The Appellate Classroom

June 12th, 2015 / By

Critics of legal education often note the primacy of appellate law in law school classrooms. Our doctrinal courses, after all, rest primarily on appellate opinions. But the focus on appellate advocacy is even more pervasive than this: Our “Socratic” questioning follows the cadence of an appellate argument.

The professor stands at the front of the room, often on an elevated platform. She poses a question, which a single student addresses. Some questions involve the facts of the underlying case; others address application of the legal principle to other alternative fact patterns. After the student answers, the professor poses another question.

If you doubt the similarity to an appellate argument, try this experiment: Attend an appellate argument in a local courthouse, then witness a traditional law school class later the same day. I once did this, entirely by accident, and I was astounded by the similarities.

Preparation for Lawyering

Our doctrinal courses thus give students repeated practice for appellate lawyering. Their raw materials are appellate cases, and classroom discussion resembles oral argument. The legal reasoning conducted in doctrinal classes consists of reconciling precedents and applying them to new fact patterns.

Some of my colleagues argue that the latter task prepares students for other types of practice. We may, for example, ask a student: “How would you counsel your client to respond to this decision?” Or, “what if you advised a client to do X? Would that fall within the court’s holding here?”

These questions, however, are like the ones that appellate judges ask as they probe the doctrinal reach of a possible holding. The substance is the same as questions asking “if I accept your argument, how would that affect individuals who do X?” Or, “how will clients change their practices if we adopt your interpretation of the statute?”

These questions about “advising clients” do not give students practice in client counseling. If a lawyer were representing a real client, the answer to the above classroom questions would be something like: “It depends how much the client has to spend, both on legal representation and on modifications to her business. It also depends on how much the client cares about Y rather than Z. I’d also need to ask the client about potential alternatives.”

Experiential Education

It’s essential to recognize these facts about doctrinal classes as law schools embrace more experiential types of learning. Many types of experiential learning aid doctrinal understanding; I use simulations and other exercises in my Evidence course for just that purpose.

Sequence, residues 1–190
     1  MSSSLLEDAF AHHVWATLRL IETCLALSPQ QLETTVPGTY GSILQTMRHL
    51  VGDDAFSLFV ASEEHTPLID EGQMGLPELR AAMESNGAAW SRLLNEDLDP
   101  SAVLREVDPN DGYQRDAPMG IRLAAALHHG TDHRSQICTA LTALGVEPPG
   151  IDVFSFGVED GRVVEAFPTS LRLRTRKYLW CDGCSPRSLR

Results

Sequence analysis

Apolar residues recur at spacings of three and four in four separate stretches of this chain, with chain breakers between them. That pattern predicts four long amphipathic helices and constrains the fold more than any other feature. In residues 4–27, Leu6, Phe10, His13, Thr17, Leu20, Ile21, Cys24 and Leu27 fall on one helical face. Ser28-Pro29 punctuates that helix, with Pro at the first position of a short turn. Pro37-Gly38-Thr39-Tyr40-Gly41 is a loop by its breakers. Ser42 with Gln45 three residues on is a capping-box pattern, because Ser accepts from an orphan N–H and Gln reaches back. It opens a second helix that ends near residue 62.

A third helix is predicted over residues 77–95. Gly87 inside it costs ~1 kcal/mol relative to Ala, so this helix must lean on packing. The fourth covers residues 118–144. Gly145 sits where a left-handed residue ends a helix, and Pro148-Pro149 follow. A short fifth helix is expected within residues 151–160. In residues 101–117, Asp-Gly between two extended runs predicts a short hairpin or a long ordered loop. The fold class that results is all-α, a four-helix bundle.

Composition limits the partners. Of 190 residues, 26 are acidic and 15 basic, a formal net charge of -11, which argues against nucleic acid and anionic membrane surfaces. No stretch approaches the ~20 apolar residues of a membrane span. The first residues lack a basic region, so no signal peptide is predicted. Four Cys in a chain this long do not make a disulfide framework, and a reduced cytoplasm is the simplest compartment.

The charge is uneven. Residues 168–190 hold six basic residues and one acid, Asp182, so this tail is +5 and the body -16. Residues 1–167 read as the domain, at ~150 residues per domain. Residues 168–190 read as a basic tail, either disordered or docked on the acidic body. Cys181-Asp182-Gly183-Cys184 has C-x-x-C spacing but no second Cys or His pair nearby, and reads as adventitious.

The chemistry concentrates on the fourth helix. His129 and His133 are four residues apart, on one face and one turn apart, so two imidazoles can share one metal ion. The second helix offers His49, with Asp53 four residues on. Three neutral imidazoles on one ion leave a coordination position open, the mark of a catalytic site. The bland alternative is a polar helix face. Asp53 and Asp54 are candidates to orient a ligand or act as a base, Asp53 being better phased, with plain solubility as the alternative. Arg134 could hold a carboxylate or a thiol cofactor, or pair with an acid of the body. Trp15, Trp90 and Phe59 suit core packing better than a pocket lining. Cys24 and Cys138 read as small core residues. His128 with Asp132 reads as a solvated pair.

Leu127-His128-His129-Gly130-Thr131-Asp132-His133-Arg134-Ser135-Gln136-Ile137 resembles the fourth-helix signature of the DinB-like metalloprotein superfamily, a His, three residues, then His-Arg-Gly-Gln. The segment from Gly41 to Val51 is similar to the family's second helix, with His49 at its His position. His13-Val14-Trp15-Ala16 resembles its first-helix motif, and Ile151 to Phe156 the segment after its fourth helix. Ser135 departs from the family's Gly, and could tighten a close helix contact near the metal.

Most of these exercises, however, do not redress the appellate tilt in our classrooms. We need much more fundamental shifts in doctrinal courses to accomplish that. Alternatively, we need to expand the time devoted to simulations and clinics that focus on lawyering outside the appellate practice.

Very few law school graduates find work as appellate lawyers. Most clients need other types of assistance. In order to serve both those students and their clients, legal educators need to reduce the dominance of appellate lawyering in our curriculum. How do lawyers use doctrine and interact with client outside of that setting? That question lies at the root of constructive pedagogic change.

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Analyzing Cases and Statutes

February 16th, 2013 / By

Whatever else we teach in law school, most professors and lawyers agree that we need to teach students how to analyze cases and statutes. Lawyers must be able to read those key products of our legal system; analyze their meaning; synthesize their rules; apply the rules to new situations; and recognize ambiguities or open questions.

Why do students have so much trouble with these tasks, even in the third year of law school? These are difficult tasks, but they’re hardly insurmountable. Talented graduate students should be able to grasp them in less than three years. The answer, I think, is that we don’t teach these skills nearly as well as we assume. If we really wanted to teach students to analyze cases and statutes, we would adopt different methods. Here are some of my thoughts on that:

1. Modern courses in Legal Writing explicitly teach students how to analyze and synthesize legal materials, but doctrinal courses rarely do. The typical doctrinal course expects students to learn these skills simply by trying until they get it right. Without explicit instruction or individual feedback, students who get the wrong answers in class (or are mystified by their classmate’s correct answers) don’t know where they are going wrong.

2. The right answers in a doctrinal class usually require knowledge of the doctrine–not knowledge of how to deduce that doctrine from a case or statute. Students who are struggling for answers, therefore, usually turn to doctrinal study guides; they rarely seek additional help in analyzing and synthesizing legal materials.

3. Students learn what we test. Although we may say that our doctrinal courses teach students how to analyze legal materials, we rarely test those skills directly. How many doctrinal courses give students a new case or statute to analyze during the final? The Multistate Performance Test does that on the bar exam, but we rarely do it in law school. Our doctrinal courses test students on doctrine and issue spotting (within a defined doctrinal area), not on analyzing or synthesizing legal materials.